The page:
Is Online Teaching Student-Centered?

I'm looking over a review of an article from the Higher Education Research Institute at the UCLA that has comprehensive national data sets on the attitudes and working conditions of undergraduate instructors.

The section that interested me talks about at their finding that even if professors are not embracing all-online instruction, they using methods that they feel increases student-centered learning and that is often about using technology.

They report that less than one in five faculty members report teaching exclusively online and report a "lack of movement" among faculty to teaching a course exclusively online. In their
 2012 report, 14% said they’d taught a course online and this year it was 17%. The highest percentages are, not surprisingly, at public four-year colleges where 27% have taught online. (But still up only 3% since the last report.)

Who is least likely to report teaching fully online? Full professors

Inside Higher Ed's own recent survey of faculty attitudes toward technology also suggests that despite widespread skepticism of fully-online instruction, faculty seem to be moving toward “student-centered methods.” (Based on responses from 16,112 full-time undergraduate teaching faculty members at 269 four-year colleges and universities.)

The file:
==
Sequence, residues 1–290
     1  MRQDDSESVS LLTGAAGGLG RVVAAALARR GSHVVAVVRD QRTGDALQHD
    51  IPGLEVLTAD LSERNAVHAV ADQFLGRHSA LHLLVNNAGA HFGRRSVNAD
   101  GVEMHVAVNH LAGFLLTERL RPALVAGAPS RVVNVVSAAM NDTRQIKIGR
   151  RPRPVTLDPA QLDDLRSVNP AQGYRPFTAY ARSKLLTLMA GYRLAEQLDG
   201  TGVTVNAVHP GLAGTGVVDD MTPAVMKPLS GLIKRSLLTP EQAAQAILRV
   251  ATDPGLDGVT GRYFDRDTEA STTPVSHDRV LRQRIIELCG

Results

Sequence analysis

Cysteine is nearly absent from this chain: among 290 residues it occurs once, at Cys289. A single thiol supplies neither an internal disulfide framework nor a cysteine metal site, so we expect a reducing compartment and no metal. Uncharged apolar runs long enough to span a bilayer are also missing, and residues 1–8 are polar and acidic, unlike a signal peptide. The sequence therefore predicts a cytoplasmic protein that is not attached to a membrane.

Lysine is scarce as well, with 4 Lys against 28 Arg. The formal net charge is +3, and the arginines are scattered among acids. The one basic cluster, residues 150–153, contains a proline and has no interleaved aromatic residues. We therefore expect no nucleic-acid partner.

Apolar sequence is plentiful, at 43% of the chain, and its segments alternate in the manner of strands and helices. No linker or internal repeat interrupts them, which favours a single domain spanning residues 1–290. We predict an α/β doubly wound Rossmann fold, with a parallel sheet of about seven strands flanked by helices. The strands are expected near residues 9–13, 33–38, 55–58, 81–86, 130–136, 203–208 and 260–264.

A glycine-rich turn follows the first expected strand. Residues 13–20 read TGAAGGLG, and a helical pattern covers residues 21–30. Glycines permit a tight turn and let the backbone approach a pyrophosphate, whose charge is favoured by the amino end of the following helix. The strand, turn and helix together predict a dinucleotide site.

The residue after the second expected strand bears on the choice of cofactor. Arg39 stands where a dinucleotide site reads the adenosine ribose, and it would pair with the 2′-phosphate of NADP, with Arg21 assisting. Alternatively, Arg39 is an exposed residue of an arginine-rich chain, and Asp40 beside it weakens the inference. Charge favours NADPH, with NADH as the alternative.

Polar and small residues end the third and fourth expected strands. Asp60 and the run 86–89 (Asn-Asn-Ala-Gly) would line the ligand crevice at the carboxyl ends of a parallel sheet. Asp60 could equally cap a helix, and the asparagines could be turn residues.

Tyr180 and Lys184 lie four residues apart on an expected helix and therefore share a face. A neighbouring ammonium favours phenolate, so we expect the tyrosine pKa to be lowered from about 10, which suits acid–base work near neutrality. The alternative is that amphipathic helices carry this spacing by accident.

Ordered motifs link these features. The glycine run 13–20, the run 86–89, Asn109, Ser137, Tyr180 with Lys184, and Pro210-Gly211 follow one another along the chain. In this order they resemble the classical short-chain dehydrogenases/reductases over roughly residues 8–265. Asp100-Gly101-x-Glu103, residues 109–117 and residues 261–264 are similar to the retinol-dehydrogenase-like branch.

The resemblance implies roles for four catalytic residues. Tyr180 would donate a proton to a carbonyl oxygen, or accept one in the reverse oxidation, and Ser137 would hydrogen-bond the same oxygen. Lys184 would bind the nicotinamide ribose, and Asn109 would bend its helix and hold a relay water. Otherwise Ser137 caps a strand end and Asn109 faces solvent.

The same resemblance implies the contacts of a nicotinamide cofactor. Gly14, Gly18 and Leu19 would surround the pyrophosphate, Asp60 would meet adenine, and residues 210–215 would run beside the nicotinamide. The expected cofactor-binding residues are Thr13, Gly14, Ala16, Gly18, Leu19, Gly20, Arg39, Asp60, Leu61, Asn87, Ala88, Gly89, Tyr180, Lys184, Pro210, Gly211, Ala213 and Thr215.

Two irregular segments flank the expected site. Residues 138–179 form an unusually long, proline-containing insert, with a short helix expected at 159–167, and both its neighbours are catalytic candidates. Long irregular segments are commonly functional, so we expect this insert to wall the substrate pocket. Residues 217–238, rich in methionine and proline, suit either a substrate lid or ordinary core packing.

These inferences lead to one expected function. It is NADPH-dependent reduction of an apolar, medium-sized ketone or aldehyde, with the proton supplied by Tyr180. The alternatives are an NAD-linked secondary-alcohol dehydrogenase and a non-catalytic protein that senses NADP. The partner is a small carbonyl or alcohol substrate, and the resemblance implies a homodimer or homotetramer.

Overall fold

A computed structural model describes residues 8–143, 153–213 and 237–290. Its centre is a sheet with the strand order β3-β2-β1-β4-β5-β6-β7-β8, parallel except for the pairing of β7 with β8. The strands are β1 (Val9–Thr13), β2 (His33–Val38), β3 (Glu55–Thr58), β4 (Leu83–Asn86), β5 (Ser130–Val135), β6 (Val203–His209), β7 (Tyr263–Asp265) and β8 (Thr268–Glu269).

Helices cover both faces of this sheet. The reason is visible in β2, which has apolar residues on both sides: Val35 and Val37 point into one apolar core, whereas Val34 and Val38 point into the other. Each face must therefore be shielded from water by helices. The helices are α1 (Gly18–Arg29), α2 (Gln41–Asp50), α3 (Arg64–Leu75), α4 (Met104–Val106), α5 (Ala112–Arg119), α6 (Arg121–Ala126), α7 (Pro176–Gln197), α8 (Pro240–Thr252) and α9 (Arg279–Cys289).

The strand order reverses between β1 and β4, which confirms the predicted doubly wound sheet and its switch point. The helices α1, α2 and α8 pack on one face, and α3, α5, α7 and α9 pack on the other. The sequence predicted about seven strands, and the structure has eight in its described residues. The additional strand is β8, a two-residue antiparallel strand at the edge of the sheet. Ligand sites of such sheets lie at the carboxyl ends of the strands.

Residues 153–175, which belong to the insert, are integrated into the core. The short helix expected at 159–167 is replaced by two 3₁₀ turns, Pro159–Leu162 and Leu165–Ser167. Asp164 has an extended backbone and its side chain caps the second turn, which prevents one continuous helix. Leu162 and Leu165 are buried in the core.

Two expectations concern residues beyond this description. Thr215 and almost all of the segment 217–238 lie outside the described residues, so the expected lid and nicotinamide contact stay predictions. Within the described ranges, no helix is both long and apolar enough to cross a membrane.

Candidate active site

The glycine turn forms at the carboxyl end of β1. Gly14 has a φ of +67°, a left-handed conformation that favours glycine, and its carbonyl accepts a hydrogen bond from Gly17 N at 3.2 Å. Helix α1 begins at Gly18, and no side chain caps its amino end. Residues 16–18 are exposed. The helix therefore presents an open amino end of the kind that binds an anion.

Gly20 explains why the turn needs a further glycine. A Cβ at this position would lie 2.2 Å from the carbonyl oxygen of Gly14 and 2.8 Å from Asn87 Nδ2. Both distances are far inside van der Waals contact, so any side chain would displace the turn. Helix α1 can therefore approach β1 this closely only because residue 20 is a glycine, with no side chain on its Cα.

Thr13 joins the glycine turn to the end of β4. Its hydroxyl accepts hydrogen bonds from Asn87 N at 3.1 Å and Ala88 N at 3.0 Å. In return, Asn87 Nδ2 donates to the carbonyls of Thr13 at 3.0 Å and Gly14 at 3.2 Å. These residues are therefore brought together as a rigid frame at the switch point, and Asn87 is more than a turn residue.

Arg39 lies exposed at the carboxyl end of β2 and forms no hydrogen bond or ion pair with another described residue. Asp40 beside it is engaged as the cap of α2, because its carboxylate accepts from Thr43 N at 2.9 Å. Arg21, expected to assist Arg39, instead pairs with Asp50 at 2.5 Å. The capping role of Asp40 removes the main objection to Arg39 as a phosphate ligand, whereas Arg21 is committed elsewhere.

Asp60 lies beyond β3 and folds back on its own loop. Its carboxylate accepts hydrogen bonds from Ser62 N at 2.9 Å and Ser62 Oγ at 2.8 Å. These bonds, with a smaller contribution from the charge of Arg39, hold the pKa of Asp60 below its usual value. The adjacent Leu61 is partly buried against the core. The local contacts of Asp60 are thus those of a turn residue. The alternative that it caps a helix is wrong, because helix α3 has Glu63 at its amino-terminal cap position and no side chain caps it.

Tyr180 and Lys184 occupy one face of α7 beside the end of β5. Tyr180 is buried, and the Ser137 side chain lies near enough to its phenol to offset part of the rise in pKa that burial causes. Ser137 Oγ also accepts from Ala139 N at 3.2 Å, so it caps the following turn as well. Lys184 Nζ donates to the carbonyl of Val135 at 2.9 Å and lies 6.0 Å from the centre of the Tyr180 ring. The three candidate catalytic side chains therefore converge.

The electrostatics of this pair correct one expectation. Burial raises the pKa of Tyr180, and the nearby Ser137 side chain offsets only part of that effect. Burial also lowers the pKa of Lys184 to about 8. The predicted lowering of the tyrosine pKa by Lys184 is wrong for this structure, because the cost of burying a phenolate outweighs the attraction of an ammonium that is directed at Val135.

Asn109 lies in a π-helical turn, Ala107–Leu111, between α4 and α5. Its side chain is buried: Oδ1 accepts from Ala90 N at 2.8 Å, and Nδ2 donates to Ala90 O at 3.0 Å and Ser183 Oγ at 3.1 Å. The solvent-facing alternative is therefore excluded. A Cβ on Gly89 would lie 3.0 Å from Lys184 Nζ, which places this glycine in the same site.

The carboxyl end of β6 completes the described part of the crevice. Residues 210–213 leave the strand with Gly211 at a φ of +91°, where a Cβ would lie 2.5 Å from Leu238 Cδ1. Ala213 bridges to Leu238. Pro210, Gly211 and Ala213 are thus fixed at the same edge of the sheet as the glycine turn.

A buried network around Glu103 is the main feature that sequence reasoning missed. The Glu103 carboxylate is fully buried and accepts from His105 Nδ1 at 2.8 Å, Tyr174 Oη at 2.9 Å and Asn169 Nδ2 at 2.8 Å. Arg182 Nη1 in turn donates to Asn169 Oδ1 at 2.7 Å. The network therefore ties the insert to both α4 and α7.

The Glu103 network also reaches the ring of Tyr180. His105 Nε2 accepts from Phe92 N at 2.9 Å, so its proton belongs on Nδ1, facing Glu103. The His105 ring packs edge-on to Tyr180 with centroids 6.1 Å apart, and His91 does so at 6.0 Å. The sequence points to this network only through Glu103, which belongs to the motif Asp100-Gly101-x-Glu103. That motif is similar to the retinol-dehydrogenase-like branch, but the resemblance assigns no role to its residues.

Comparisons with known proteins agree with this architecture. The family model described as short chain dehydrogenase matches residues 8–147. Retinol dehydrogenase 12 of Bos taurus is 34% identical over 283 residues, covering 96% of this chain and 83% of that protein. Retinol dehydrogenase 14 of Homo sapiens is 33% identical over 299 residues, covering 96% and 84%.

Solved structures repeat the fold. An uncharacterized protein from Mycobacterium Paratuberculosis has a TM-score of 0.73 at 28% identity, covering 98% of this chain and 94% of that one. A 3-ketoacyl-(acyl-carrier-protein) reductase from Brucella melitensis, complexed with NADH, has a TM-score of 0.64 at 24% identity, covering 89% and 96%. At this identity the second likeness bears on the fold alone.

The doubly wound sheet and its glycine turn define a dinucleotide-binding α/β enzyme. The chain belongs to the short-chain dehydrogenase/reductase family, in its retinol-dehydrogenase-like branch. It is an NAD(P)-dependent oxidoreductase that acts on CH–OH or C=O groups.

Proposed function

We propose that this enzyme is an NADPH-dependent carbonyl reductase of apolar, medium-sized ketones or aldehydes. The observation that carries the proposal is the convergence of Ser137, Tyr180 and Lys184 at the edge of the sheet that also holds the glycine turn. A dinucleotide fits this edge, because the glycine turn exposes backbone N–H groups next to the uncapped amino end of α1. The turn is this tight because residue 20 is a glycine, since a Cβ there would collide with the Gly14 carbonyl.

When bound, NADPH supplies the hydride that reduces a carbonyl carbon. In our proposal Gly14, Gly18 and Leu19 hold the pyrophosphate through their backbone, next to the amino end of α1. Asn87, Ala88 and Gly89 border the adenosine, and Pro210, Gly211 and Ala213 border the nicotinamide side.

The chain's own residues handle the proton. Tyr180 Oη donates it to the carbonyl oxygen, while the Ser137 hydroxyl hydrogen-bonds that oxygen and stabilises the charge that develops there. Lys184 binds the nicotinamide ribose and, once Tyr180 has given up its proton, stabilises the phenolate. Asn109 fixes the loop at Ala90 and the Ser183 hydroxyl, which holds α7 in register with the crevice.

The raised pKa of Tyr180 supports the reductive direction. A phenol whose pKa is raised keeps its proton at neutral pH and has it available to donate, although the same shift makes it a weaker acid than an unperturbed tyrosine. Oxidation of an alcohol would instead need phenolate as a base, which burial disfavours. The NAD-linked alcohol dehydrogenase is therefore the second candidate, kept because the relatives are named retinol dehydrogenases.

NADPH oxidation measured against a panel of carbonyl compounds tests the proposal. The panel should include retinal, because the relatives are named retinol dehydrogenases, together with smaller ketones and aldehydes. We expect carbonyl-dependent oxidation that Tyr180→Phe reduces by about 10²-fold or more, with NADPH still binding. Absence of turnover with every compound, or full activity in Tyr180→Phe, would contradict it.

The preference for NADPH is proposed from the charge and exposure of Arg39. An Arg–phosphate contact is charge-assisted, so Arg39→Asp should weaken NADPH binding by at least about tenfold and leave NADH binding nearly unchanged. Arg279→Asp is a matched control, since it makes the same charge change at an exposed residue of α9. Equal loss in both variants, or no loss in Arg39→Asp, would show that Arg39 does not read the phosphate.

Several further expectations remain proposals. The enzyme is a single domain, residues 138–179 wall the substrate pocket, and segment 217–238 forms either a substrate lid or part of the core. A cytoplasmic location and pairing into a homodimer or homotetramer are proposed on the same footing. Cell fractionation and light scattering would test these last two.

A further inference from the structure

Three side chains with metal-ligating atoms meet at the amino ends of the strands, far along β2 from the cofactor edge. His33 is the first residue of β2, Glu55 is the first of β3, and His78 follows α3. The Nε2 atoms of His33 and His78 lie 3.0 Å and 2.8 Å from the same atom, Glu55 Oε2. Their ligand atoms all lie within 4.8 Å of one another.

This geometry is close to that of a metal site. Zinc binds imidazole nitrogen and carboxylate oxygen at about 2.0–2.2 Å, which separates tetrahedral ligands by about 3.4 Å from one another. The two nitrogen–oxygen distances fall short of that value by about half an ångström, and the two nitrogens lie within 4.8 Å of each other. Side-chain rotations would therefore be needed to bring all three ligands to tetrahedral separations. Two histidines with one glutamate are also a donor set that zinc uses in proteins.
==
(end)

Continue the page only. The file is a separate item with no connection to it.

What would be examples of this student-centered shift?
- 83 percent reported using class discussions in all or most of their classes
- using student-to-student evaluation was up 18% to 28% this year
- using student-selected topics for course content went from 9-26%

But some stats - increased use of YouTube and other videos in the classroom - does not fall under the heading of student-centered for me.

Those who teach in business, engineering, fine arts and education are the ones most likely to say they “frequently" assign work requiring their students to work outside of class with classmates.

The report also points to some external pressures to make learning more student-centered, such as the National Science Foundation awarding large grants for experimentation with such techniques.

Perhaps it is not surprising that the shift is stronger with junior faculty, but that indicates that the shift is likely to increase over time.


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